Honda Rebel 250 & 450 Forum banner
  • Hey everyone! Enter your ride HERE to be a part of November's Ride of the Month Challenge!
1 - 20 of 25 Posts

·
Registered
Joined
·
10 Posts
Discussion Starter · #1 ·
I have had my 1985 Honda Rebel 250 for two months, as a starter bike.

Because of it's size, it is a perfect fit for me. However, as I was frequently told before I bought this bike, I have gotten to the point where I want something with more power.

I am also in the throes of planning a trip to Utah (aprx 1,200 miles from where I live), and this little bike would not be a great one to try riding that far.

I have toyed with the idea of trading up, but since this is my first bike...and I have grown QUITE fond of it...I was hoping to get some info on possibly taking the 250 motor out and replacing it with a motor that is twice to 3x bigger.

Has this been done before? Is it possible to accomplish? What are the pro's and con's if it IS possible, and how simple/difficult would the swap be?
 

Attachments

·
Registered
Joined
·
13,264 Posts
Lots of talk about it, nobody's really done it that we know of. As you point out, the Rebel is a small bike, and only has room in the frame for a small engine.
Swapping engines successfully is a serious piece of engineering work, not just a matter of bolting something in. Even if you were prepared and able to do it, the resulting machine would no longer be a rebel.
There's no shame in wanting something a bit bigger, and you would soon be used to the size and weight of a larger machine if you go that way.
 

·
Super Moderator
Joined
·
31,959 Posts
No easy swaps with larger engines that I know of. It could be done by altering the frame, but then the 250 engine wouldn't fit right. Best bet is to find a larger bike.

If the Rebel fits you, it should have no more problems making the trip than you will. Cagie went from Pennsylvania to Texas and back on his Rebel, and others have gone coast to coast.

I too was bitten by the bigger bike bug and bought the Vulcan. It has much more power and is a smoother ride. But I tend to put many more miles on the Rebel.
 

·
Super Moderator
Joined
·
13,126 Posts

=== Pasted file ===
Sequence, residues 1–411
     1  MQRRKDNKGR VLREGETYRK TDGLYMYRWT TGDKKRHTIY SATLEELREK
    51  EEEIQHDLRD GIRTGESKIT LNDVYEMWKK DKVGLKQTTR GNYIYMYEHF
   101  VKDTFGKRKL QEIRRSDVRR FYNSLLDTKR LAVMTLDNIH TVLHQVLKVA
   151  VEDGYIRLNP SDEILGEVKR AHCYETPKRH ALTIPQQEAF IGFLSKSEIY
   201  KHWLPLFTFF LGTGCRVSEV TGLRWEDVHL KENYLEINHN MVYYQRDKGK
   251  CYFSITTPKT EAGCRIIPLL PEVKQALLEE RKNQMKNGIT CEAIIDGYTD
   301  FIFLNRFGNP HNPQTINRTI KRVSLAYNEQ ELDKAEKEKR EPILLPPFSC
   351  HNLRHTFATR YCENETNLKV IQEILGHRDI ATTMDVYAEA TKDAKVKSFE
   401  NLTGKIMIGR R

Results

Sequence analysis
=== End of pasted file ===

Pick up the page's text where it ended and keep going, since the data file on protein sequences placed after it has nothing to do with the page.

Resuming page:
Your 250 will do fine on a 1200 mile trip. Lots of people have done it and gone even further with no problems. The bike will go further than your backside will go before you have to stop and rest.
 
  • Like
Reactions: Cobra2

·
Premium Member
Joined
·
17,769 Posts
I won't say its impossible because with enough money, time, equipment and fabricating skills, anything is possible.

However, the engine in the Rebel is the largest of its family. The old TwinStar 185 and 200 were the beginning of that basic engine.

The Rebel 450 is a completely different cycle in design and its not interchangeable.

On the trip side, the Rebel is capable of long distance. Saddle comfort for a two day trip of 600 miles each would be the biggest issue IMO. When I was younger, and so was my Rebel, I did three days of 500 each.
Others have gone farther. Cagie did 4800 miles in two weeks if memory serves.
 

·
Premium Member
Joined
·
11,931 Posts
However, as I was frequently told before I bought this bike, I have gotten to the point where I want something with more power.
Let's talk about this for a bit first.

You say you've had the bike for two months and it's your first bike. Have you simply grown bored with the straight line capabilities? If so a bike with more power is definitely attractive. But here's the catch: as a motorcyclist you also have to develop skills in many arenas outside of straight line riding.

Most notable being curves.

You really need to learn how to master cornering and braking in corners before trying it the first time on a bigger heavier bike that is going faster.
 
  • Like
Reactions: projectfineline

·
Registered
Joined
·
10 Posts
Discussion Starter · #7 ·